Join Seán Duggan for an in-depth discussion in this video Creating a simple blend-mode composite, part of Photographing for Compositing in Photoshop.
- Now that we've identified some of the different types of composite images as well as discussed the all important concept of imagining how an image might be transformed into something else, let's create a simple composite based on blend modes and a gradient layer mask, two of the most useful techniques for building a composite image. In this file, I have three layers set up, and if you look at the layers panel, you can see those. We have the background shot of the interior of the room. We have a scan of an old letter, and then we also have a scan of an old snapshot.
We're going to use blend modes and gradient masks to blend all these together to create what I call a nostalgia composite. This is my own term. I refer to these as nostalgia composites because they use elements that invoke feelings or thoughts of nostalgia for me, so old snapshot photos, old letters, things like that. Most of us have, you know, these items in our possession, you know, whether old letters from our parents or grandparents, certainly old snapshots, and it's really easy to create these nostalgia composites using layers and blend modes, and you can put them together very, very fast.
So let's just check this out. So the first thing I'm going to do is start with the letter layer. I'm going to turn that on, and I'm going to set the blend mode for that layer to overlay, and as you can see, that creates the basic layer blending where we can see parts of the letter and parts of the room. We can see the nice texture of the paper, and it's all blending together very, very well. Let's take a look at a couple of other blend modes that might be a possibility here.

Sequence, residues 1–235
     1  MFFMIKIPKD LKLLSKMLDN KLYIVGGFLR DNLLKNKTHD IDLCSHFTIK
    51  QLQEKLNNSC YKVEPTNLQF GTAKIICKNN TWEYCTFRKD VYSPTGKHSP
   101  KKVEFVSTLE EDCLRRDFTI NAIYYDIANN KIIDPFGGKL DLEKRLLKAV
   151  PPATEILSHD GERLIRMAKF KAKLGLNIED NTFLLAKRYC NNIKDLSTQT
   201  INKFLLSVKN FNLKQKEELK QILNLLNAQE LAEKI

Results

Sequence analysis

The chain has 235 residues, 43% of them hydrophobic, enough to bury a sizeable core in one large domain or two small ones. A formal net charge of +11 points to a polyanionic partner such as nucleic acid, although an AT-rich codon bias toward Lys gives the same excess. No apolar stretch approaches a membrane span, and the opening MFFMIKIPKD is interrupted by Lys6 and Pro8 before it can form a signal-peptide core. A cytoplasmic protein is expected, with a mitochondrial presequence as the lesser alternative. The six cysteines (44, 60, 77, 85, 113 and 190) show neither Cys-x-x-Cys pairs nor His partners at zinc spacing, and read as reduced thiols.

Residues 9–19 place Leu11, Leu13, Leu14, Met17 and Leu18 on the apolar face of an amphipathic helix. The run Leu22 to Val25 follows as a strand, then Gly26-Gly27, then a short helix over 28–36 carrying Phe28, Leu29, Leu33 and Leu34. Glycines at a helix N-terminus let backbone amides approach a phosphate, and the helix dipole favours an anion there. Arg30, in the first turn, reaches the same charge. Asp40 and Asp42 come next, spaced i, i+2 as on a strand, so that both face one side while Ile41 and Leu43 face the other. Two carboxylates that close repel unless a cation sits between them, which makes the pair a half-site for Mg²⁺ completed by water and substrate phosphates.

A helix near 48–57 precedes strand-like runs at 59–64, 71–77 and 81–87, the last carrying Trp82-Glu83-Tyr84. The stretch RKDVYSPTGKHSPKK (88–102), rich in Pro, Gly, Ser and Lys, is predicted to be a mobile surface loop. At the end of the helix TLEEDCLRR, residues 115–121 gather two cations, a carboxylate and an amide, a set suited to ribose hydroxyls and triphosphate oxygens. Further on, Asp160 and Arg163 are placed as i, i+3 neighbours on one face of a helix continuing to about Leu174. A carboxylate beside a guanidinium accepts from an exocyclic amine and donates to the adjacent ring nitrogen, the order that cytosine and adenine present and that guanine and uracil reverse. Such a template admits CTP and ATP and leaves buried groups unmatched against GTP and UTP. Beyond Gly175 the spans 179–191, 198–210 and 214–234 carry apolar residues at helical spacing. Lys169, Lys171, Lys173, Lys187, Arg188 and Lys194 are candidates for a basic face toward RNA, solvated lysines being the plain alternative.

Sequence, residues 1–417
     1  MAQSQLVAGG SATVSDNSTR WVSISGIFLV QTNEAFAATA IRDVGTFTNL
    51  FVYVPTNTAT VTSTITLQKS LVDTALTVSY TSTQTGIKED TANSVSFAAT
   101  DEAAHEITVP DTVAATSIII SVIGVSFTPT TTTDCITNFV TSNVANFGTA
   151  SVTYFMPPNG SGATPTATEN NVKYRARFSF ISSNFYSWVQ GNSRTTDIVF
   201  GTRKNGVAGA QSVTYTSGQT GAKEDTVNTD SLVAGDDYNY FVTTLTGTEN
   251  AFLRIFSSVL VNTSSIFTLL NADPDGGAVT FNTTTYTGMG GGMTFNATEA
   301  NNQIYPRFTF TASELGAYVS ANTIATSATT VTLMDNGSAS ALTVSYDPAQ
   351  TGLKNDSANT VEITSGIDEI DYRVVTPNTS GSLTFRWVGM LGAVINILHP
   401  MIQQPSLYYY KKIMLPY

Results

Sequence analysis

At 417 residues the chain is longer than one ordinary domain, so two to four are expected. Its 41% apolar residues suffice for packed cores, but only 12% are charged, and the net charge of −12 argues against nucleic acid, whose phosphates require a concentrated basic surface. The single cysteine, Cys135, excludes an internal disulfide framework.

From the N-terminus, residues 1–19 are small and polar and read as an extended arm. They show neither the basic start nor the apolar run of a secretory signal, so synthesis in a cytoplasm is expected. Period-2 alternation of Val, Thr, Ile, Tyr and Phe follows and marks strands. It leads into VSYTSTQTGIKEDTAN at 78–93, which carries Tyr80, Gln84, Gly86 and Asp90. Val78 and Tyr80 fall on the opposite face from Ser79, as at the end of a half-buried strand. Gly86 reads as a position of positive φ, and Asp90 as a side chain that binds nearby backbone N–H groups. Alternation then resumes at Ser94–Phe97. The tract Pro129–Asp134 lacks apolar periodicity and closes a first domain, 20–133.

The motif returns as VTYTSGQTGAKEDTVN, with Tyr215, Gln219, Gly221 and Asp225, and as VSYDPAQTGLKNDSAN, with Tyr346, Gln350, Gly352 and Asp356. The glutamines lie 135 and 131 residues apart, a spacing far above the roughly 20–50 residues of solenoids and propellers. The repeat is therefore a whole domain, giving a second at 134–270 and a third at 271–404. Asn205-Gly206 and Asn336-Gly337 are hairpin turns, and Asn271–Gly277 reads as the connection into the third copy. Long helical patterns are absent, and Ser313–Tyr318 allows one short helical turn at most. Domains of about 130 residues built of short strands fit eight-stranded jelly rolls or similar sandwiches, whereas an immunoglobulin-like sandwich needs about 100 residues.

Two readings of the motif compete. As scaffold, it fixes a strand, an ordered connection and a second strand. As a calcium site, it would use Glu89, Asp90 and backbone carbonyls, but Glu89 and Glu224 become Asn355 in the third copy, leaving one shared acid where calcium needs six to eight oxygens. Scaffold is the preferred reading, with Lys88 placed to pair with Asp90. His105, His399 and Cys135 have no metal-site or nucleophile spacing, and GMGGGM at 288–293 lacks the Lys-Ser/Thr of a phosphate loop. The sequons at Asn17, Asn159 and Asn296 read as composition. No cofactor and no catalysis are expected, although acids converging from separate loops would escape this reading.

In addition to overlay, we could try soft light. That's kind of a kinder gentler version of overlay. Hard light is going to be really contrasty. In this one, we're seeing mainly the letter, although we can see the window and the bright area showing through. That one's not too effective. Let's go up and try multiply. So that one is also interesting, a little bit darker and more moody. So the blend mode that you choose really just depends on the story of the image that you're creating and the mood that you want to convey.
Now, one thing I want to point out is that if you look at the blend mode menu, you'll see that they're divided into different sections. So, in general, the blend modes that start with darken will create an overall darker result than either of the two layers individually. Lighten blend modes will create a lighter result, and the overlay blend modes will combine aspects of both of the layers, or the active layer and everything below it, as well as create a general contrast boost.
Now, instead of just choosing the different blend modes from the menu like this, there's a really useful shortcut you can use by holding down the Shift key and then tapping the Plus key to cycle downward through the blend mode list. So you can do this and see if any of these blend modes just sort of strike a chord with you and seem like they would work well for the image. If you hold down Shift and then tap the Minus key, you'll go back upwards through the blend mode list.